My new house isn't exactly new. In fact, it's the opposite of new, having been built in the late 1800s, and this doesn't bother me.
I love old houses. I inherited from my father (by either nature or nurture) an ability to see what an old, well-used (and maybe abused) house could be with a little elbow grease. Really, home renovation, like a lot of things in life, isn't so much different from my job as a writer, to make a gem out of something rough. As long as the bare bones are there and solid, even revision will reveal the quality that was buried there all along, under all that grime and rubble.
We are only just beginning to uncover the secrets of this place. Tearing through the wall between the main house half and the apartment half, we found the old doorway that used to be there before the wall went up to partition the two sides. The door frame is signed and dated in 1960 by the homeowners and the contractor.
The next project is fixing up the main house living room, what will be our library. We painted it a deep peacock blue before pulling up the old, soiled carpet. Then, yesterday we shoved all the furniture against the far wall and began tearing out first the carpet, then the padding, on that half of the room. Underneath that was a layer of something painted a metallic silver color. Before my husband could start shifting the furniture to the carpetless side of the room to get at the other side, I took a crowbar and hammer to a section of the silver stuff, which ended up being some sort of MDF. Low and behold, below that was wood.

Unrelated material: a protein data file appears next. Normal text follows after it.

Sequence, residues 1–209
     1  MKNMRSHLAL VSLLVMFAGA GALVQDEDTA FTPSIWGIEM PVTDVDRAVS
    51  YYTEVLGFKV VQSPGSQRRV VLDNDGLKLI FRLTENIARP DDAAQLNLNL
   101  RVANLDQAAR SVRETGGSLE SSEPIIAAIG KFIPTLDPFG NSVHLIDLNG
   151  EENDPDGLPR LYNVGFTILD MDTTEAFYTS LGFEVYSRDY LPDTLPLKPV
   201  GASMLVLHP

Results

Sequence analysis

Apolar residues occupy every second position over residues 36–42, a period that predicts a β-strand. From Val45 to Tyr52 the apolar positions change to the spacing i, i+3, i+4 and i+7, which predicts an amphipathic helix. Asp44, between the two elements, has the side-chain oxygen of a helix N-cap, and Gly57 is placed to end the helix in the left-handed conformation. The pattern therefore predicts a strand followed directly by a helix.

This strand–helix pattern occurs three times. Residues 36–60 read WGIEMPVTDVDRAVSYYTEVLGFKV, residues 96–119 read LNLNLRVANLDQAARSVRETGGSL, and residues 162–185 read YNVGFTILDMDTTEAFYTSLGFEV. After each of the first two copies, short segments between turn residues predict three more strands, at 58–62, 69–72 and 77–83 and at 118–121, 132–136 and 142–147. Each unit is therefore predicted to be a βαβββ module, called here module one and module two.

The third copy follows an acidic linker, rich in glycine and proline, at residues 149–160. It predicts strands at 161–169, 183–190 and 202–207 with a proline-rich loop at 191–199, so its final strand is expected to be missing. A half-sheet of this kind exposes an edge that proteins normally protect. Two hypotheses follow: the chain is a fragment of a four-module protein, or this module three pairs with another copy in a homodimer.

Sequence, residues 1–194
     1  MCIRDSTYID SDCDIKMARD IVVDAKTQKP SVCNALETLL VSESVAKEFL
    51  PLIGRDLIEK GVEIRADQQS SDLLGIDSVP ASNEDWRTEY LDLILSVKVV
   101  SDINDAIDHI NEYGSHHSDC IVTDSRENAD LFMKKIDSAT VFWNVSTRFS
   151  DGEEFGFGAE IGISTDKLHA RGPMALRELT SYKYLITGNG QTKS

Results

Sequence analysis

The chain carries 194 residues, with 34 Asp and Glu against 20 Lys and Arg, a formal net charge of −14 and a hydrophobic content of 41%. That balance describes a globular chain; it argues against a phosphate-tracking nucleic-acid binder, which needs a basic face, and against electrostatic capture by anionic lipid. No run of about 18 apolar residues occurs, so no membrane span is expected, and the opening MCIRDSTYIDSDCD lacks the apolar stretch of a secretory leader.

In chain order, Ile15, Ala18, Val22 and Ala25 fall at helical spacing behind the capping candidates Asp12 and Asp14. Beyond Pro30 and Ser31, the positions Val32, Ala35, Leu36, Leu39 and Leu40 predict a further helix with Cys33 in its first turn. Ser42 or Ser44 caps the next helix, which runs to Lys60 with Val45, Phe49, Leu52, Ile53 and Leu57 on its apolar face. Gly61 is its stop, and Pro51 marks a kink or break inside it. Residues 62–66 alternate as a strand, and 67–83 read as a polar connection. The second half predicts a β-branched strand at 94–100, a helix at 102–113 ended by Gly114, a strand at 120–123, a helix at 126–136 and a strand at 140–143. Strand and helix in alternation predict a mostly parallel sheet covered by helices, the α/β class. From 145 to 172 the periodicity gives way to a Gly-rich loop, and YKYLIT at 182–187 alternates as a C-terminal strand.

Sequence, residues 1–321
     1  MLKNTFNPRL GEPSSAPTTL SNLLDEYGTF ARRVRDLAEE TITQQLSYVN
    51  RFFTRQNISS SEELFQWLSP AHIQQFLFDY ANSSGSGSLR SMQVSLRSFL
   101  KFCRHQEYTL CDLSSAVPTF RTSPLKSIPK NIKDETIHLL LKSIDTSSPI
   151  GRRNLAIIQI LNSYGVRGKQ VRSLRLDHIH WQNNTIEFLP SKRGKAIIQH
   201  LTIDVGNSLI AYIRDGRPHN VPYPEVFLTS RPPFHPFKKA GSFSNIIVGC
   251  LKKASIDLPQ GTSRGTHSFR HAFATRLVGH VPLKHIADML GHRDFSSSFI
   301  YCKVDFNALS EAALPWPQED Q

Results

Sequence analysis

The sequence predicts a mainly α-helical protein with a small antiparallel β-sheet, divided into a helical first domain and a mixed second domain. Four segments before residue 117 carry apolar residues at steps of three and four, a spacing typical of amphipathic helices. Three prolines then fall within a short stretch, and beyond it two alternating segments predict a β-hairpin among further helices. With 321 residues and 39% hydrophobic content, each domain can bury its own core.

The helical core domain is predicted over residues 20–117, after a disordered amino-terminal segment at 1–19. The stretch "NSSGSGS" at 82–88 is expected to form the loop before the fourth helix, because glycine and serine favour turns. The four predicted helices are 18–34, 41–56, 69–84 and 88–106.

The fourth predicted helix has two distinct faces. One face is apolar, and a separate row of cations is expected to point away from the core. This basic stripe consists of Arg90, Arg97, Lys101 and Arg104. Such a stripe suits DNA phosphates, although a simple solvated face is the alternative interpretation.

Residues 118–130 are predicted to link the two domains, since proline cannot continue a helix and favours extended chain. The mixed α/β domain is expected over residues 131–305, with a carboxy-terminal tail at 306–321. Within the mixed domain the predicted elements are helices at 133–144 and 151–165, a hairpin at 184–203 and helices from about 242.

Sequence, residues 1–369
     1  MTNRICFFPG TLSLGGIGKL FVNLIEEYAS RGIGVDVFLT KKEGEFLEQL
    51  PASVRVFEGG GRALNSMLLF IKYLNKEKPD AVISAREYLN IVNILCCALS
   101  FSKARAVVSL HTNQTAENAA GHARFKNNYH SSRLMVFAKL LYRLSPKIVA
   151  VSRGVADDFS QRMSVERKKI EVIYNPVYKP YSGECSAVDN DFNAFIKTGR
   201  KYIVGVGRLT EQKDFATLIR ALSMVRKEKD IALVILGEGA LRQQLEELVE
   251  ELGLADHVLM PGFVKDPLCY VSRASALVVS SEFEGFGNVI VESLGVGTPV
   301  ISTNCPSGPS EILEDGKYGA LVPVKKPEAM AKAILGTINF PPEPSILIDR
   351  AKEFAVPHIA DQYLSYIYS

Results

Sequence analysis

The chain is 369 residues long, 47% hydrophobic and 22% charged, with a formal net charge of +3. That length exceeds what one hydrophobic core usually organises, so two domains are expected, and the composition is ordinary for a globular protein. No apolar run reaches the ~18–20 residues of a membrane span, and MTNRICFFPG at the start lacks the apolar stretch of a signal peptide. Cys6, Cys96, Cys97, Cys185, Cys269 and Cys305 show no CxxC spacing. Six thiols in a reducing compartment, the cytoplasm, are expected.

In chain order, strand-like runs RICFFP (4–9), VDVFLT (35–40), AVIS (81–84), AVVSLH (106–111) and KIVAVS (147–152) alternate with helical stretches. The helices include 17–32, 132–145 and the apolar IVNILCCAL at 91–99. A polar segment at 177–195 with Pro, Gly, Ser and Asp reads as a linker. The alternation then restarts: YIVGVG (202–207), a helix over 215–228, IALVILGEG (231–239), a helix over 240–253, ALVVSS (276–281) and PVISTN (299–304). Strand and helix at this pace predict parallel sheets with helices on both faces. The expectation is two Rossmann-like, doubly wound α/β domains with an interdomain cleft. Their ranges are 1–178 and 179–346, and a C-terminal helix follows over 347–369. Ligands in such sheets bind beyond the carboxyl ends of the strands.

Carpet forgotten, we both took to the silver stuff, ripping it up in chunks and prying up nails as we went, so as not to step on their heads poking out a half inch above the floor. When it was time to call it quits for the day and collect my son in Sandusky, half the original floor was uncovered.
Of course, it's not a hard wood (looks like pine). It's too warped to refinish even if it was, but it's still a lot better than it was and will serve as a temporary usable floor until we level it with subfloor and put a hardwood on top of it (or maybe a bamboo pergo? Decisions...). By the looks of it, either the previous owners painted a faux wall-to-wall rug on the wood or they painted a yellowish tan color around a real rug, replaced that rug with a bigger rug later, and repainted the remaining visible wood a new color (a muddy rust color). Your guess is as good as mine. I'm all ears.